WASHINGTON -- The slick new bocce court at recently opened Black Jack -- the upper-floor bar atop restaurateur Jeff Black's latest project, Pearl Dive Oyster Palace -- was surprisingly quiet Wednesday night last week. That, of course, was before the arrival of several DC Bocce League members, who before long were swilling beers, chucking bocce balls and emitting victorious squeals when balls were well-thrown.
The six-year-old league, started by a small core of 50 people, has gained remarkable but under-the-radar popularity since its inception. Next year, it anticipates 7,000 registrants over four seasons of play, mostly thanks to word-of-mouth advertising. Black, inspired by trendy bocce courts now popping up in bars in Brooklyn, enlisted the league to design Black Jack's court.
"They just took the ball and ran with it," Black told The Huffington Post. He gave the league free reign, letting them dictate everything from the size of the court's wooden barriers to the placement of white lines that mark areas of play. Even the guidelines, which are prominently displayed on a mounted placard, were set by DC Bocce officials.
The rules of bocce, an Italian ball sport, vary widely depending on who you ask. Some require a court to be 90 feet long, while others, like DC Bocce, are content with 60 or less. At any rate, league members say they aren't nit-picky. In the tradition of other District-area organized team sports, like kickball and softball, the DC Bocce League is a social club before it's a competitive one. The main differences between it and others: DC Bocce skews older -- the average player is 30, though ages span a wide range -- and absent is the jock-ish, beer-chugging mentality that sometimes accompanies other sports.
The vibe is one that's somewhat hipsterish and proudly geeky, which in turn has nurtured a sense of inclusivness that's arguably behind the league's exponential increase in membership. "What bocce does is it transcends the social groupings," said Rachael Preston, a member of DC Bocce's board of directors. "It's a place for people who don't have a thing." (The social aspect of the league has most certainly played a role in the number of weddings between couples that met at games. The current count is estimated at 10 wedded couples.)
The court at Black Jack will, come this winter, be part of DC Bocce's premier league aimed at more regular bocce players. In addition to it, there are eight divisions across the District, Maryland, Virginia, and most recently, Philadelphia. All teams play on a mix of indoor and outdoor courts. Unlike the one at Black Jack, most are collapse-able sets custom-designed by the league. Two permanent outdoor courts, the first open for public use in the District, were constructed in Capitol Hill's Garfield Park with DC Bocce funds and are maintained by the league.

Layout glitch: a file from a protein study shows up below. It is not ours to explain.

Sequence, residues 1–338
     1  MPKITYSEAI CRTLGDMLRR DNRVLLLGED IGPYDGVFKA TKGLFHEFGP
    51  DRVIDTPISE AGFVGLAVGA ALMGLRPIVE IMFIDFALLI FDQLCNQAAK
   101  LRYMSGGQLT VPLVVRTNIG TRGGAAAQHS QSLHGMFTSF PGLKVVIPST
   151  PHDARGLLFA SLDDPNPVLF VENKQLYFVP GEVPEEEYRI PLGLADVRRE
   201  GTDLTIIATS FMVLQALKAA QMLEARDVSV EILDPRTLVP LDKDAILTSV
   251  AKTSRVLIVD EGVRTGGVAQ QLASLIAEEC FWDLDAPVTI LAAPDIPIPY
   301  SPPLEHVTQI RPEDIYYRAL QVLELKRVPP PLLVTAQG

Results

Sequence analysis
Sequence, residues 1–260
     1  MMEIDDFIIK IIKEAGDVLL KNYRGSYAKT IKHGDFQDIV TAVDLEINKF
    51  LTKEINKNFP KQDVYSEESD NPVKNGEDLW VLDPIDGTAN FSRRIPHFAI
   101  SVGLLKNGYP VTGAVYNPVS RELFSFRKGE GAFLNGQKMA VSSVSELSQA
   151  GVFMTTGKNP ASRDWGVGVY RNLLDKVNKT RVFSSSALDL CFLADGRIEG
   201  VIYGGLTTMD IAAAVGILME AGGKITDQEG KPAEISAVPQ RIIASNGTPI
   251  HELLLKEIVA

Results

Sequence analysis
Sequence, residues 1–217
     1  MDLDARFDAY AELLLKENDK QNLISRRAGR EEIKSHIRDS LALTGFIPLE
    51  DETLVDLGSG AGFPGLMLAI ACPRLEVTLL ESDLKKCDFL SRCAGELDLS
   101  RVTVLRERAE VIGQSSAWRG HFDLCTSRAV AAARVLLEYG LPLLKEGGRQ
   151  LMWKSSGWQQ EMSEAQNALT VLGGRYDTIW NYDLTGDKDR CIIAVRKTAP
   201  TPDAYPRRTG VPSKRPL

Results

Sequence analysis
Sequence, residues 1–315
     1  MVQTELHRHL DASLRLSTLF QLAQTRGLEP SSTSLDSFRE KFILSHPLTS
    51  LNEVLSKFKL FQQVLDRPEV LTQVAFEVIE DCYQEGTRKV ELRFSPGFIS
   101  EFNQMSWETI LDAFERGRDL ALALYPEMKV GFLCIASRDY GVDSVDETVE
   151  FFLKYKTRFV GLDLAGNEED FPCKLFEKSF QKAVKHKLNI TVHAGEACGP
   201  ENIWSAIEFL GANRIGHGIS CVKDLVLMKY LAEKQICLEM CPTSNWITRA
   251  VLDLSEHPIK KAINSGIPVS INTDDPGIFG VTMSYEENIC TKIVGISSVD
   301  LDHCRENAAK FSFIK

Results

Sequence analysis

For those with more competitive spirits, a league-wide championship is usually held in September. (Philly teams have yet to be incorporated.) All prize money awarded to top teams is donated to a charity of their choice.
For Black, the decision to install a bocce court was just as much a fun idea as it was practical. Early in the restaurant's development, prior to much-publicized skirmishes with community members about the noise Pearl Dive and Black Jack might bring to 14th Street NW, the local Advisory Neighborhood Commission shut down Black's initial idea to build an open-air deck in the space.
"At this point, I could have walked away from the deal," Black said. "I did the math, and the only way the math made sense was if I was using this space." Searching for a way to make the property stand out, he decided on a bocce court. The decor is straight out of Brooklyn -- a large steer's head is mounted on the wall, electric bulbs spell out the words "Black Jack," and a peanut gallery of re-purposed stadium chairs provides seating. The court itself is cordoned off with a waist-high chain fence and lined with green artificial turf.
The stylish playing surface is a pleasant change for league members used to playing in grubby bars and outside in often unpredictable weather conditions. For non-leaguers, too, there's a considerable draw: Play is free. Right now, waits for time on the court are short if there is one at all, but that will likely change as word gets out.
Black envisions both Black Jack and Pearl Dive meshing well with the trendy 14th Street corridor, a feeling mirrored by Pixie Windsor, owner of nearby Miss Pixie's Furnishings and Whatnot. "She came in the day we opened, and she said 'It feels like the restaurants always been here, and I just didn't know about it,'" Black recalled. "And I said, that's the best compliment I can get."
The DC Bocce League's fall season began last month, and registration ($50 a person) ends on Monday.
DC Bocce League members play a round at Black Jack's newly installed bocce court.
Games here are played to 10 points.
Waiting their turns to play, bocce players take the opportunity to sip on brews from the bar in the other room.
The players that form DC Bocce League are a close-knit group. Celebrations like birthdays are not uncommon.
DC Bocce League members watch others play on the court under the bright 'Black Jack' lights.
The object of bocce is for one team to get as many of their balls closer to the pallino, a small white ball that's thrown at the start of the game, than any of an opponent's balls. Another word for pallino is jack, from which the bar derives its name.
The bocce balls are small, but heavy. It might take a few throws to get used to the weight.
Members of opposing teams debate whose balls are closet to the pallino. Competition is generally even-tempered, however.